For a few seconds, time stopped and the audience dropped a collective jaw as Yasmin Alibhai-Brown asked if we knew that the Chancellor of the Exchequer, George Osborne’s brother was a Muslim convert, Mohammed Osborne. No we didn’t! But…but… how did that happen?
In the aftermath of the riots, I do wish the political point scoring by both parties would just stop. Whilst crisis often offers the opposition party an opportunity to make political impressions, does every news programme or media discussion on the riots have to be based on one party having a go at the other? I feel in this case neither party can wash their hands of the problem behind the riots. Hasn’t today’s generation of looters been exposed to both party’s ideologies over the past 20 years?
I have sat in dismay as I have listened to, and read, the disastrous efforts Ken Clarke has made at justifying sentence reduction for rapists over the past 36 hours. The word “serious” has been debated across the country and rightly so. Rape is a serious crime and people including ministers do need reminding of the seriousness of this crime.
However, it wasn’t the differentiation of the seriousness of different rapes that offended me most, but the suggestion that only violent rapes were serious and indeed deserved higher sentencing.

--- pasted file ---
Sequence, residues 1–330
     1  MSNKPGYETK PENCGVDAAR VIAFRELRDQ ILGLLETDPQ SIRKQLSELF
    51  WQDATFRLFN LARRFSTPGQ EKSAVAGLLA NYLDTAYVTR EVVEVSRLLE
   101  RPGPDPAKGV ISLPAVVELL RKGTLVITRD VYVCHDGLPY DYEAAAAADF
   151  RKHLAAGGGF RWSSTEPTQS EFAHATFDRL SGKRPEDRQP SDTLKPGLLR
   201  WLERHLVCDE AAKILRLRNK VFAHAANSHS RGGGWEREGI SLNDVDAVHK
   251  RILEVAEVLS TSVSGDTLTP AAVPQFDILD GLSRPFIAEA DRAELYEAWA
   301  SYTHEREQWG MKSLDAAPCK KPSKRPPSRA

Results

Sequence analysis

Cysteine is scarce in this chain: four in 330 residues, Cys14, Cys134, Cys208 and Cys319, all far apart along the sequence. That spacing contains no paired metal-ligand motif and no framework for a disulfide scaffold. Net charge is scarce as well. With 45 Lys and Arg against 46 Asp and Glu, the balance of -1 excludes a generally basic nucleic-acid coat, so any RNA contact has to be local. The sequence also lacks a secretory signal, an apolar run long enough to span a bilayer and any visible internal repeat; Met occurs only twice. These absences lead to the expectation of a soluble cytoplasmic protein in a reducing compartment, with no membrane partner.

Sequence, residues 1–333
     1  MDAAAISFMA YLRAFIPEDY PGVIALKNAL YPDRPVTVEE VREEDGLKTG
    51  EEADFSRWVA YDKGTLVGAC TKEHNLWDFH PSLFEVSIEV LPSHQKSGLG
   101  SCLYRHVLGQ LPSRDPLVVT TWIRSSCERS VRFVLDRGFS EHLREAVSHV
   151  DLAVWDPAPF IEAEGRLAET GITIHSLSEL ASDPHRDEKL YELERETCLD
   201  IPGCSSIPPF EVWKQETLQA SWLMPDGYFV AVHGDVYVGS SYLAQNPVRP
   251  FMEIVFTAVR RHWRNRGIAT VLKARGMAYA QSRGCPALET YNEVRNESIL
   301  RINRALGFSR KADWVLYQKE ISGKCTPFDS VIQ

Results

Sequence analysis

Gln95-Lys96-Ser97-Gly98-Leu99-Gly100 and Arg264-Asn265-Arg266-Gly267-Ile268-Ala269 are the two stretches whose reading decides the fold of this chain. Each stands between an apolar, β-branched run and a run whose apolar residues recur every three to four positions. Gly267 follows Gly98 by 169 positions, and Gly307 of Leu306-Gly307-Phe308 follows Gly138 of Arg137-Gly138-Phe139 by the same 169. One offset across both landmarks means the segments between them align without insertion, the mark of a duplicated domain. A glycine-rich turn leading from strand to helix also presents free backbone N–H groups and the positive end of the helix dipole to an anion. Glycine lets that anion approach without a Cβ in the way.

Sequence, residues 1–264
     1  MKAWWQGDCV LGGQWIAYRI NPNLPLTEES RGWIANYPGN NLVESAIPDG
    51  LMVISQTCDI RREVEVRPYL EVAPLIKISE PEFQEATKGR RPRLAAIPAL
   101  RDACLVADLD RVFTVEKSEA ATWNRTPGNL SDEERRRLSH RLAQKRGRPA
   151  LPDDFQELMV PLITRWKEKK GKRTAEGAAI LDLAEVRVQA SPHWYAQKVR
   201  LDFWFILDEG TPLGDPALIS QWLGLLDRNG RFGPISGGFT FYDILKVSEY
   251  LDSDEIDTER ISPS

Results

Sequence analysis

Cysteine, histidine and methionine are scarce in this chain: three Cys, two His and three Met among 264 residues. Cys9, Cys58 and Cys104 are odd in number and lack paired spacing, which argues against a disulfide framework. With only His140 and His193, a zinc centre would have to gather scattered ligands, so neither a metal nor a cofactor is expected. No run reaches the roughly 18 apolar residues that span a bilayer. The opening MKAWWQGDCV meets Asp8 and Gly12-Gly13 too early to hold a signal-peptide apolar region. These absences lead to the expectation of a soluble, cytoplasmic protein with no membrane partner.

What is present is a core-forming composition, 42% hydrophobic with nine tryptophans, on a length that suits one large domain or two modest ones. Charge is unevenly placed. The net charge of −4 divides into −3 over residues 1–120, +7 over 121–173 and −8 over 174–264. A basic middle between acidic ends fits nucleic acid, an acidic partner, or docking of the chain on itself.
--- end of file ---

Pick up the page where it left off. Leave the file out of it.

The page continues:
I recently arrived back in the UK from a long trip to Delhi and as I tried to catch up with the life I left in London, I happened to listen to BBC Radio 4’s profile of Baroness Warsi. While I found it interesting listening, I must convey my various conflicts with regards to the Baroness.
I am not a fan of the Conservatives (or any other political party) but I think it’s great that the Baroness has such a high profile position in British politics, ticking so many minority boxes…woman…Muslim…blah blah. She is also educated, articulate and opinionated – all positive traits. Is she unfairly judged for conveniently ticking all these boxes? Is her appointment as the Chair of the Conservative party affirmative action or did she earn the position? What does a Chairperson do anyway?
I found out about her Muslim bashing dinner party conversation comment only recently and even the weekend papers included readers’ letters in response to Baroness Warsi. It is unhelpful to make sweeping statements but I do find many people still being shocked upon learning that I am a Muslim. I’m just a regular Brit with the same dreams and worries as many other Brits and people around the world of my age. I hope the positive outcome of the comments is that we learn that perhaps we all need to communicate more openly and on a regular basis even if we agree to disagree about certain aspects.